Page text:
- Students are confused: Students need to ask specific questions rather than saying, "I'm confused." Teachers need to ensure that the lesson fits the needs of students and that directions have been clear and explicit.
- Students are human: Sometimes they have rough days. Sometimes they rebel for reasons they can't articulate. We're all broken. We all screw up. Students can be open to teachers ahead of time about what's going on and teachers can keep that in mind as they interact with the class.
Questions to Ask Students
- What are some things that bother you? What are some things that teachers do that will lead you toward anger or apathy?
- What are you interested in?
- What are some things that can tempt you away from learning? (Note: here is a great chance for a teacher to be transparent about his or her own learning issues)
- Why are you being pulled away from the assignment?
- How can you effectively communicate that you are bored or confused? (Note: this is a great chance to model self-directed behavior for students?
- Can you describe what happened?
- Can you describe what you would have done differently?
- In what ways did your actions either get in the way of your learning or the learning of others?
- Are my lessons engaging? Are they interesting? Are they meaningful?
- Are my lessons developmentally appropriate? For example, in middle school, is there a chance to be social and move around?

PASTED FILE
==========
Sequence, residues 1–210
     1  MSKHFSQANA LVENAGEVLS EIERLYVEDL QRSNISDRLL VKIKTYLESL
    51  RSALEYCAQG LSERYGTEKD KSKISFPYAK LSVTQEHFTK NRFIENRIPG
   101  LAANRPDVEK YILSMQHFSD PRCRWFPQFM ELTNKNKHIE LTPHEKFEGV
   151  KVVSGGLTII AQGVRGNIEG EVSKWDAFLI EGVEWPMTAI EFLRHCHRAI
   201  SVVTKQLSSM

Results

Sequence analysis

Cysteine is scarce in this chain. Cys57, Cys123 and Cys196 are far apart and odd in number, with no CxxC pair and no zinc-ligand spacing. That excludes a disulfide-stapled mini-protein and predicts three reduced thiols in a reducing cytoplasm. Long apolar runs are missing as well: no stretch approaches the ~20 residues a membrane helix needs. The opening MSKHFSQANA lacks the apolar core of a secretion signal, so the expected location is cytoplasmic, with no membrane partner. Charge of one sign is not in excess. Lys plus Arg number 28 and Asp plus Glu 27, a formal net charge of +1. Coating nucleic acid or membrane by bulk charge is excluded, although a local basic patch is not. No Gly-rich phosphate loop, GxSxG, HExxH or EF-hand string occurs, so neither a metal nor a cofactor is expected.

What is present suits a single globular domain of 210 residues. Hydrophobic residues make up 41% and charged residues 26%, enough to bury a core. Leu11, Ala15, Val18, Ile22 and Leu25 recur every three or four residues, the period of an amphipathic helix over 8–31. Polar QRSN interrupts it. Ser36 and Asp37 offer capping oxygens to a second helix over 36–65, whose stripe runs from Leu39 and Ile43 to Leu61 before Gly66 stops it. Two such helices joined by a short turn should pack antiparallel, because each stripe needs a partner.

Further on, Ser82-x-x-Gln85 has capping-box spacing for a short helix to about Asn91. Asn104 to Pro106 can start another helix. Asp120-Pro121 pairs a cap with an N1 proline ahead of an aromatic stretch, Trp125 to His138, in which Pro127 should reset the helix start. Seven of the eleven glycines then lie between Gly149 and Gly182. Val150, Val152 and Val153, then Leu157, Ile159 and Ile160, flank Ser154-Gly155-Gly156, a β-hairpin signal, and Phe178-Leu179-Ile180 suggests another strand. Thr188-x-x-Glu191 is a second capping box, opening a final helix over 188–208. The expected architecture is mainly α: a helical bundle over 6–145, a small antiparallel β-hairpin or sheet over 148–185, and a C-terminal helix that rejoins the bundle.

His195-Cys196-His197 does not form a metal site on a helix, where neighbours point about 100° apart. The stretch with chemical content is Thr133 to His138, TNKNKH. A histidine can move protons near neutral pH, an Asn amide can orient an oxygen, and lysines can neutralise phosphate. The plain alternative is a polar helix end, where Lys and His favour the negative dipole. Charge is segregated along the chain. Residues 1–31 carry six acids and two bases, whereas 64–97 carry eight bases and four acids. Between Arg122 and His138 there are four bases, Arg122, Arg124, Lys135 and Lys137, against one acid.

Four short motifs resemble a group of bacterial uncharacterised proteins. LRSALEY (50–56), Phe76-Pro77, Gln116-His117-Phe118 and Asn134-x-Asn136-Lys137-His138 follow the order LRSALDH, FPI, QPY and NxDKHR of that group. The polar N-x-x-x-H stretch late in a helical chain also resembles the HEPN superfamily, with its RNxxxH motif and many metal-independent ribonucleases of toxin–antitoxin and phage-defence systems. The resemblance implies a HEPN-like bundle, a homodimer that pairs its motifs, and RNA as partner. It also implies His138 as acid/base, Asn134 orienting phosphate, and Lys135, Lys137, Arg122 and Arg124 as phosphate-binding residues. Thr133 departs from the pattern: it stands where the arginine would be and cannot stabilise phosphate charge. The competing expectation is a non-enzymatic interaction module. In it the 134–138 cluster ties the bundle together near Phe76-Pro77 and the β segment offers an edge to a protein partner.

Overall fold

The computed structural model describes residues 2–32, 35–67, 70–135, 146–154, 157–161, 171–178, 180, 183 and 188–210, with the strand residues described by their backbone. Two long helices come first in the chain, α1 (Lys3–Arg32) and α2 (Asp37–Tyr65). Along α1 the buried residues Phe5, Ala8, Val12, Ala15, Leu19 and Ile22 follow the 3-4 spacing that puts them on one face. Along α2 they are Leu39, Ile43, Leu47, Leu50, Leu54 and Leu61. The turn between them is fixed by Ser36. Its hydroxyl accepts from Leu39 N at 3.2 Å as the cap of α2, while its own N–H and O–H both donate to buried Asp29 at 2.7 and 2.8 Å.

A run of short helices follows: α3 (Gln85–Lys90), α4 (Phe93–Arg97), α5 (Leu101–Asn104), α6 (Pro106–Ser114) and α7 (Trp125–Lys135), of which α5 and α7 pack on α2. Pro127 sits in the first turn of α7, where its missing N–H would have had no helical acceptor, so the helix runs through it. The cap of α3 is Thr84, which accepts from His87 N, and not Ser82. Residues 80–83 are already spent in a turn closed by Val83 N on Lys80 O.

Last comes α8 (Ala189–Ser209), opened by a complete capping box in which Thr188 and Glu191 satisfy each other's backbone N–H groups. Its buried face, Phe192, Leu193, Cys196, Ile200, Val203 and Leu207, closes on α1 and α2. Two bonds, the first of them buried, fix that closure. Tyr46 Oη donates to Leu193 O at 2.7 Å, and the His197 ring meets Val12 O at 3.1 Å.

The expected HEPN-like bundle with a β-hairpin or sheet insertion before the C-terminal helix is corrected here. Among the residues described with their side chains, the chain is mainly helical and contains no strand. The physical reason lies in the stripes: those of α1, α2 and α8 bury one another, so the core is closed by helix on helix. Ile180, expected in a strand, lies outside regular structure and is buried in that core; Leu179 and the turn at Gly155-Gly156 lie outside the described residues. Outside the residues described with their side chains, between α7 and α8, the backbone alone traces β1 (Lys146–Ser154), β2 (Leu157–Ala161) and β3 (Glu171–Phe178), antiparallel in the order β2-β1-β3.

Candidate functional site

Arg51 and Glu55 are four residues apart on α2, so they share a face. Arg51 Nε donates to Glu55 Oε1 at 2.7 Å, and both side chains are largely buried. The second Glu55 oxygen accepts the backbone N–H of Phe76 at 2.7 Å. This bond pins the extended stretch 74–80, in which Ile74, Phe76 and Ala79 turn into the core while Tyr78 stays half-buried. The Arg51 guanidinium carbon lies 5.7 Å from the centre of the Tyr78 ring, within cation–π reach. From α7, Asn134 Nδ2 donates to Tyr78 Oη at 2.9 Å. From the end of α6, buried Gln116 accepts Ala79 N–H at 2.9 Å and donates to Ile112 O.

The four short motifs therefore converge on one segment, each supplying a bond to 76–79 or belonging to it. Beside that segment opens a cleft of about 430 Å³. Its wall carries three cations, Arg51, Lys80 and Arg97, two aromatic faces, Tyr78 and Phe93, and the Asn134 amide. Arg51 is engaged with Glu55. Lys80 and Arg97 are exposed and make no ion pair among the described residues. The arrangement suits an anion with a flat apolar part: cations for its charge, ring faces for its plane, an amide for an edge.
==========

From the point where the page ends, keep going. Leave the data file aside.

- Are the lessons clear? Will students be confused and therefore act out of frustration?
- Do my rituals make sense? Have the students taken ownership of the way the class operates?
- Can I solve this with a look or a whisper? Or better yet, can this be solved with space proximity?
- Am I being polite? Am I still using please and thank you?
- What is my body language conveying?
- Why is the student misbehaving? What can I do to redirect him or her? (Oftentimes, it works best to redirect in the moment and have the conversation afterward)
- What part of this student's story might I be missing?
- What is the best way to approach the after-class conversation with this student? How will I handle it if a student refuses to talk? (Note: it doesn't work well to cajole a student or force an apology.)
- Was the issue whole-class or just a few students? (If it's the entire class, the issue might deal
- What could I have done to change the reaction of the student?
- What did I do well?
- Ask students to fill out anonymous surveys on how you are doing at leading the classroom
- Give yourself permission to screw up. Leading a class can be a lot like learning to drive. You'll over-correct in one way or another before you reach the middle zone.
- Take ownership for the moments when you make a mistake. Don't justify it. Don't blame the situation or the environment, the students or your lack of sleep.
John Spencer is a teacher, author, speaker, and incessant doodler.
He is the co-author of Wendell the World's Worst Wizard
and the co-founder of Write About .